Markets And History

I posted a little piece on social media about markets – thinking, specifically, about Leeds Market. Kirkgate Market has been in the same place, with the same beautiful Vicar Lane frontage, since 1904. It’s survived additions and fires. Before that, there was the Central Market, and the open market has been a fixture since the middle of the 19th century, a place where the cheaper goods are traded, and still are.

Go back further, and there was a market on Briggate on Tuesdays and Saturdays, the same days as the cloth market. Markets are at the heart of our town and cities. They’re truly the continuity of the past.

When I was young, people of all social classes shopped at the market. My mother did it, just as her mother, grandmother and more, going back, all had. Items were cheaper, there were bargains to be had. I remember the smell of the used book stall, the wonder of the toy stall near the top of the market – one of only two places to buy toys in Leeds back then; the Doll’s Hospital in Country Arcade was the other. We’d go there every week, and she buy something, maybe fish or something else. It was tradition, it was the way things were done before supermarkets became the places to shop, to get everything under one roof (the irony, of course, was that in the market you could get everything under one roof, and probably for less money).

market 1

Markets change, of course. We don’t have live chickens in cages for sale these days, as they did in the 18th and 19th centuries. We don’t have the entertainers like Cheap Jack Kelly, ‘Doctor’ Green and his nostrums or The King of Ashanti who were a part of the market experience for Victorian shoppers. Yes, M&S got their start with the penny bazaar in the open market. But that’s only one story among so many. What’s there now, the people who sell, the items they stock, reflect the way Leeds has altered. It’s a better barometer than any official figures.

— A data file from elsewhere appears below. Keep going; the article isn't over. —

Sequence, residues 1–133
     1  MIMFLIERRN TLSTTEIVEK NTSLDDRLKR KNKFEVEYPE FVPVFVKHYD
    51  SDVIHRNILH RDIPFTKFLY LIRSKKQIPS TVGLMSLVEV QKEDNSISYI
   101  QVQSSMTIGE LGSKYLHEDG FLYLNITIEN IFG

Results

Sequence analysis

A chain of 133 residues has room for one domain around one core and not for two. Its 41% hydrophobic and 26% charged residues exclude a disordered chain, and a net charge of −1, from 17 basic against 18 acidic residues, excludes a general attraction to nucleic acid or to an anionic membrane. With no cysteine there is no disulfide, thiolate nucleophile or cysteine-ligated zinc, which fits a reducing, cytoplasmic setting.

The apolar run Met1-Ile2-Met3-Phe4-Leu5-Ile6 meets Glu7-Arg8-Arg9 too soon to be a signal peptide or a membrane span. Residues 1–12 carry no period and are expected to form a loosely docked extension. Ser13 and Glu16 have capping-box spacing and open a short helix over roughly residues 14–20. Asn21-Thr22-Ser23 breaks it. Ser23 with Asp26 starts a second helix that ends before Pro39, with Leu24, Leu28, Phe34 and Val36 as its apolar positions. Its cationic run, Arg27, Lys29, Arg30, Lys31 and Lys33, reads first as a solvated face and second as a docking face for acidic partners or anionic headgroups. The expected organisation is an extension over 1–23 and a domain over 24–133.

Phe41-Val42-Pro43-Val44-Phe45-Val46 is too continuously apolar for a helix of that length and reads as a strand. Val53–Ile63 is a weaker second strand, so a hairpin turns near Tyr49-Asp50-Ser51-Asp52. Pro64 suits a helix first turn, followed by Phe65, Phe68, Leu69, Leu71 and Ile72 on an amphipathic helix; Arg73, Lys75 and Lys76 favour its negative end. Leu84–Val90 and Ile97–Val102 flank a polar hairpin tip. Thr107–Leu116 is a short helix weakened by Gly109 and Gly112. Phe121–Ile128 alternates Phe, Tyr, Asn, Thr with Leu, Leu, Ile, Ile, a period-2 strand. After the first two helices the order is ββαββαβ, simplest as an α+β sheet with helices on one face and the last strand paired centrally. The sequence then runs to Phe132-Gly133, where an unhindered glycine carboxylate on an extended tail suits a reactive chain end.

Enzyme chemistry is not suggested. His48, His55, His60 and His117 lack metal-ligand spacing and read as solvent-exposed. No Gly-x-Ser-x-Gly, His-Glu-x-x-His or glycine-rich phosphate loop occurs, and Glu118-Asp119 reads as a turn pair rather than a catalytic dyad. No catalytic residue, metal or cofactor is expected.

Markets are the most democratic shopping places we possess. They always have been. Not just in Leeds, but all through the word. They’re part of being human, a vital ingredient in any community. Buying and selling has been part of our nature even since people gathered together and we moved beyond growing everything ourselves.

In recent years we’ve gradually come to realise that not all progress is a good thing. We’re getting rid of disposable carrier bags in favour of the kind of shopping bags our mothers and grandmothers carried everywhere. We’ve learned that drying clothes on the line is much better than in a tumble dryer. We’re trying to get rid of plastic – maybe in favour of the brown paper parcels and bags that were everywhere in the past. Those ideas weren’t all wrong. Everything new isn’t better, and not everything old was good (certainly not the return of rickets and Victorian/Edwardian levels of malnutrition). In the market they’ll pop your loaf of bread or pound of plums in a paper bag. Ahead of the curve by being old-fashioned.

market 3

I write historical crime novels, most of them set in Leeds. I tend to look at my city through the lens of time. And I’m old enough to remember a time when the hangover of the early 20th century remained, when the market was a place where all classes went. Somewhere in the last 50 years that’s changed. We became seduced by the new, the idea of convenience, and then of the brand in clothing and shoes. By advertising above all. We became convinced each ‘advance’ was a good thing, and that beast has fed on itself.

market 2

Perhaps the wheel will turn a little more and we’ll realise that markets are a good thing, and we’ll understand it before it’s too late. Markets have been around too long. A market is one of the centres, one of the hearts of our towns and cities. They’re about the only living connection with the past that we have right in front of us, something that’s not an historic monument, but working and breathing every single day. They’re important.

One last thing, if you don’t mind. My new book, The Tin God, is out in just over a month. You can read more about it here. And you can pre-order it, either from the behemoth beginning with A, or other places, bookshops and independents. I’d be very grateful if you did. Thank you.

2 thoughts on “Markets And History

  1. Lee Catton

    Chris I’ve discovered summat mind boggling paper work in cellars of the grand, Bram Stoker , the year he wrote Dracula also the corresponding letters of the Whitechapel murders. 3 days ago. I struggling to comprehend it all. Kind Regards Lee

    Sent from my iPhone


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